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Buying A Used Car From a Dealer

Used Cars

There are a lot of reasons to buy a used car instead of new, not the least of which is "lot loss" savings - the value lost in a new car once you've bought it and taken it off the lot. Many people just prefer used cars for their value. Others just can't afford or justify the expense of buying new.

Whatever your reasons, there's no reason to get a bad deal if you know what to do before buying the car off a used car lot.

The first thing to do is understand car values. Trade-in value is not the same as purchase value (Blue Book) on a used car.

Next, make sure you have clear, documented answers to the following questions before you buy the car of your choice from the dealer.

1) Is the car certified and if so, by whom? Anyone can claim a car is certified. If the car is certified by a mechanic for an insurance company, find out what that certification really means. Often it means only a 90 day warranty (or worse). Manufacturer certifications are much more stringent and usually have a good warranty attached.

2) Can you see the mechanic's pre-certification inspection to see what was checked? Often this list will show what was fixed in order to meet certification requirements. Keep this report (or a copy of it) because if anything listed goes wrong, it may come in handy.

3) Where did the vehicle originate? Find out who owned it before. Most often, dealers won't divulge seller's names, especially on trade-ins. So ask for the maintenance records and tell the dealer they can mark out the previous owner's names if they prefer. If the car was purchased at auction and isn't certified to your liking, be sure you have your own trusted mechanic look it over.

4) Is CarFax included? Many dealerships now offer the CarFax history report for the vehicle. This will tell you if it was ever wrecked and what repairs were done if it was. Be sure to check the VIN number on the report with the actual vehicle. Some dealerships run one for each model and pass it off as legitimate.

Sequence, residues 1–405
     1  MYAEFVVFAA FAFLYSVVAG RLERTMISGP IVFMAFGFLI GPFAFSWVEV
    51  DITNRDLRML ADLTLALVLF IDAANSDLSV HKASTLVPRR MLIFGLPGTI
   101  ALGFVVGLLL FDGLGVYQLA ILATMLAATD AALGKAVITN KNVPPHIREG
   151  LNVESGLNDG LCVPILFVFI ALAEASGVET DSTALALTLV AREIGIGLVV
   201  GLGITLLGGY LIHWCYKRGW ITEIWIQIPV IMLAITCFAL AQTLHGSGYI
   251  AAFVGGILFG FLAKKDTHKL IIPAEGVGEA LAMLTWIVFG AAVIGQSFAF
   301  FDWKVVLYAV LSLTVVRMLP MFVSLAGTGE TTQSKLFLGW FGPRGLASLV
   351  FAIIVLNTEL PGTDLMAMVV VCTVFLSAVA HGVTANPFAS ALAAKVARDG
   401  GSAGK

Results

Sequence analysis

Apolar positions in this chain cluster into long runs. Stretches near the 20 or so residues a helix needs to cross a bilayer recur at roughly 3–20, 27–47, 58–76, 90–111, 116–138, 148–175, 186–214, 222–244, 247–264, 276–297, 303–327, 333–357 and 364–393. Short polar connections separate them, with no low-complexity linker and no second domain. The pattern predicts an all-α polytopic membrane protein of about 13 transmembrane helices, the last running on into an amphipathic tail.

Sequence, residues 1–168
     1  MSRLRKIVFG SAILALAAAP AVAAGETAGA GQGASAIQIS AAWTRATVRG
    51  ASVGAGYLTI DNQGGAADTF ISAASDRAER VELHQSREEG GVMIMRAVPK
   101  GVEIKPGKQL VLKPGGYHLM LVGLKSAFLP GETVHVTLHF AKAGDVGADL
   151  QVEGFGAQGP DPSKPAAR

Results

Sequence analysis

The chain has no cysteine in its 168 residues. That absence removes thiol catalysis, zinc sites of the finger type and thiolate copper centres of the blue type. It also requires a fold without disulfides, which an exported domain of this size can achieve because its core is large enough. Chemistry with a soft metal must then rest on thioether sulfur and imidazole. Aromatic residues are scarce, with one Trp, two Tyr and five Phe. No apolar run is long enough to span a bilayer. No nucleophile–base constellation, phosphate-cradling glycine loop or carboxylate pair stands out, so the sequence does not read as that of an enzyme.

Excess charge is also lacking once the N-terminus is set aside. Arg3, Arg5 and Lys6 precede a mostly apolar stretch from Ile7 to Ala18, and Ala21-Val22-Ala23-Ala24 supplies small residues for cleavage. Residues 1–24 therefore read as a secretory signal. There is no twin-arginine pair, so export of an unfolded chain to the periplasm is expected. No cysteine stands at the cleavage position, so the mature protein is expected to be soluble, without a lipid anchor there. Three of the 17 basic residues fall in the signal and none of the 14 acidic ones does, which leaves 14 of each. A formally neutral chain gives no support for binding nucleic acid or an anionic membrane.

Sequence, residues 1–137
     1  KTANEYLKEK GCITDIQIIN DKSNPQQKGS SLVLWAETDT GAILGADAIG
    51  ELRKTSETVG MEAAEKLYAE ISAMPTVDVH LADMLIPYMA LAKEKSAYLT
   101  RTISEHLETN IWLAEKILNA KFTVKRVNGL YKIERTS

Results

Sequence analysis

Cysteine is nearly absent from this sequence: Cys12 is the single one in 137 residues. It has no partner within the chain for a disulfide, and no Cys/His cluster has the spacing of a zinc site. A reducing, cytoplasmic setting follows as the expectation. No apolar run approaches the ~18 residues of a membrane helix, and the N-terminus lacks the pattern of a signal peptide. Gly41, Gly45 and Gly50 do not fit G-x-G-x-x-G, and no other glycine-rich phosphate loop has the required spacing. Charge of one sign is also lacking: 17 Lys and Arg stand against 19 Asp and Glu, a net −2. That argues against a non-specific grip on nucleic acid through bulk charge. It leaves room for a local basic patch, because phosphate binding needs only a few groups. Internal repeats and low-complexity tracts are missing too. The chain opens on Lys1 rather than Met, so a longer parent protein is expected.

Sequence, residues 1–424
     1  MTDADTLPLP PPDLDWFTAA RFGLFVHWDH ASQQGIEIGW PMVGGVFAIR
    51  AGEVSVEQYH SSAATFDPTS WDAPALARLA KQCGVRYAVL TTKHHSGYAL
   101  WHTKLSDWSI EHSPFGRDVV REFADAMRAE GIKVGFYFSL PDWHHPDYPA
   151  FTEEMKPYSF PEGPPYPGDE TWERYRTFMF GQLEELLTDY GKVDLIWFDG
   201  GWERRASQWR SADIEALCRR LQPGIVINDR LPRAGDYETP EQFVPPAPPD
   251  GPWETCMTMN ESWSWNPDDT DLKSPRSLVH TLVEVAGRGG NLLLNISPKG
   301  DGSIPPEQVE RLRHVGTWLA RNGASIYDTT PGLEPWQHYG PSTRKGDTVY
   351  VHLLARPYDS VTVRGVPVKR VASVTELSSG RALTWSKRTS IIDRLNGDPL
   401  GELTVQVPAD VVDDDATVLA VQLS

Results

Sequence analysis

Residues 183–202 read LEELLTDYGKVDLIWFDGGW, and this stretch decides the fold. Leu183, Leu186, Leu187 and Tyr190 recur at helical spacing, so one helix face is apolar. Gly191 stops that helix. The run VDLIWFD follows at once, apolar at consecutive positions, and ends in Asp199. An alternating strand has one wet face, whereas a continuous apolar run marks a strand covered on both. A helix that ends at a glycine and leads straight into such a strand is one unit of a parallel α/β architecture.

5) Ask for a lengthy test drive. Many dealerships, especially in today's economy, have no problem with overnight or weekend test drives under some restrictions. Usually those mean you can't leave the county, won't put more than 100 miles on it, and are fully insured. The longer you can drive the car before you buy, the better you'll know whether it might have issues you didn't foresee.

6) What's the dealer's return policy? This is an important one. Most states have lemon laws that require dealerships to accept returns for up to a certain amount of time (often 1 week or 300 miles). Find out what the dealer's return policy is if you decide you don't like the car or find something better.

Finally, if you're not going to finance or if you are financing through a non-dealer affiliated bank (say your personal bank or credit union), then you will be purchasing the car for cash. Ask the dealer what the cash price for the car is. Often, this is lower than the windshield price.

Dealers who don't offer cash prices often have incentives for getting customers to finance through them. See if you can do that at a rate comparable to what you're already getting or that fits your cash budget and if it will get you abetter deal on the car. Make your money work for you.

Buying a used car doesn't have to be an ordeal. Just know what you're looking for and then go get it.

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